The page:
The Jackson reforms have placed new demands on lawyers specialising in civil adversarial work. Hardwicke barrister Gemma Witherington tells Bar student Alex Pritchard-Jones about six qualities that wannabe litigators must possess to thrive in a much-changed environment.
1. An ability to assess risk
The curtailing of no win-no fee arrangements means solicitors and barristers need to pick their cases very carefully if they are to be commercially successful. Since the Jackson reforms were implemented in April 2013, Witherington says that she and her colleagues “are very rarely charging success fees.”
This, she continues, “has quite a big impact as previously we were spreading the risk of signing up cases because the ‘uplift’ [or success fee] was compensating us for the cases we didn’t win. Now we are charging no uplift whatsoever, which means we are analysing cases very carefully when they come in because we no longer have that cushion of an uplift to fall back on.”
Accordingly, chambers and firms want their pupils and trainees to be able to assess risk, and at the application and interview stage hope to see them use their previous experiences — be it pro bono work or some form of work experience — to demonstrate an aptitude for sound analysis.
2. Super-human powers of organisation
November’s Court of Appeal decision to deny the law firm representing Tory MP Andrew Mitchell its costs in the “Plebgate” libel action put the frighteners on litigators throughout land. The hardline judgment left Mitchell’s firm, Atkins Thomson, a whopping half a million pounds out of pocket for the simple reason that it submitted documents relating to its budget a day late.
“Diarising key dates and making sure you don’t miss deadlines becomes even more important,” says Witherington, “as we know since Mitchell the circumstances in which relief from sanctions are granted are much rarer.”
With the legal profession still reeling from the severity of the Mitchell judgment, this year’s wannabe litigators may find favour from interviewers by portraying themselves not simply as organised, but super-organised. Juggling a range of different activities with studying is good practice, and the sort of thing chambers and firms will be keen to hear about.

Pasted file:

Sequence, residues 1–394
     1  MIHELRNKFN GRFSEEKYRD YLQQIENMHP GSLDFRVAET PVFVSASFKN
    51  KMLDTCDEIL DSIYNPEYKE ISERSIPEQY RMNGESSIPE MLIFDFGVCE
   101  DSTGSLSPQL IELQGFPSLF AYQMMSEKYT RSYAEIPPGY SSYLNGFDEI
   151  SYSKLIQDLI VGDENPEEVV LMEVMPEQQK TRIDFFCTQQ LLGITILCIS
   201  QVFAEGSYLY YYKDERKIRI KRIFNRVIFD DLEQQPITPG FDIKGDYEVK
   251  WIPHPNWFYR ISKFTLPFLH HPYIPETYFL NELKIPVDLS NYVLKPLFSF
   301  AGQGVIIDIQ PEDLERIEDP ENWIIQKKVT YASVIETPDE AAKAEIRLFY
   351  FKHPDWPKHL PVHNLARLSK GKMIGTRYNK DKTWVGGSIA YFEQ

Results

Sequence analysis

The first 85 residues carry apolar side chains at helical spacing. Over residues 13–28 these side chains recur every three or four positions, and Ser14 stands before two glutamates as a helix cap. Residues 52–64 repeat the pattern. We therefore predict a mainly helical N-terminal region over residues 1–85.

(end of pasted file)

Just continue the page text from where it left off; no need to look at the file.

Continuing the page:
3. A willingness to fight hard
The Jackson reforms are achieving the impressive feat of making litigators even more cut-throat, with the stricter rules being used as an additional stick with which to beat opponents.
“Parties are seeking to exploit points they’d never have taken before,” reports Witherington. “If they notice a witness statement is served a day out of time, or if a cost budget doesn’t have a signature on, parties are very quick to call up the other side now and suggest that they go to strike them out, or invite the other side to make an application for relief from sanctions — and indeed they are even opposing relief from sanctions a lot more than they used to…It’s a more cut-throat, strategic and tougher environment to work in.”
Lawyers-to-be need to find a way to show that they’re up for a scrap.
4. A co-operative nature
In showing that one is up for a scrap, it’s very important not to come across as a psycho — because, somewhat counter-intuitively, the Jackson reforms have made cooperation more important than ever. Cooperation with those on your side, that is.
Again, explains Witherington, it comes back to the fear of missing those deadlines:
“Working together closely between counsel and solicitors from an early stage so deadlines aren’t missed has become increasingly important,” she says.
5. Ease with responsibility
An increase in professional negligence cases arising from — you guessed it — lawyers missing deadlines and breaching much more strictly-enforced procedural rules has compounded litigators’ post-Jackson blues. What this means in practice is enhanced stress levels, says Witherington.
Legal hopefuls should consider emphasising their devotion to extracurricular activities that illustrate an ability to switch off (transcendental meditation, stamp collecting…?) while also providing evidence of head prefect-like enthusiasm for responsibility.
6. A commitment to keeping up-to-date
Lawyers are nervously gauging the effect of the Jackson reforms by monitoring each new decision. The good news is that the hardline seems to be abating slightly, with hope that the Mitchell decision represents a high water mark in judicial ruthlessness. Top chambers and firms expect students to be aware of the latest developments.
“It’s absolutely essential that you’re keeping up-to-date with case law,” says Witherinton. “Even on a weekly basis now there are new decisions coming through and decisions being overturned. And so what we do in chambers is have a network of people keeping up to date, checking different blogs and websites…and we share all of that information.”
Listen to Pritchard-Jones’ discussion with Witherington (both of whom are pictured) in full in the podcast below.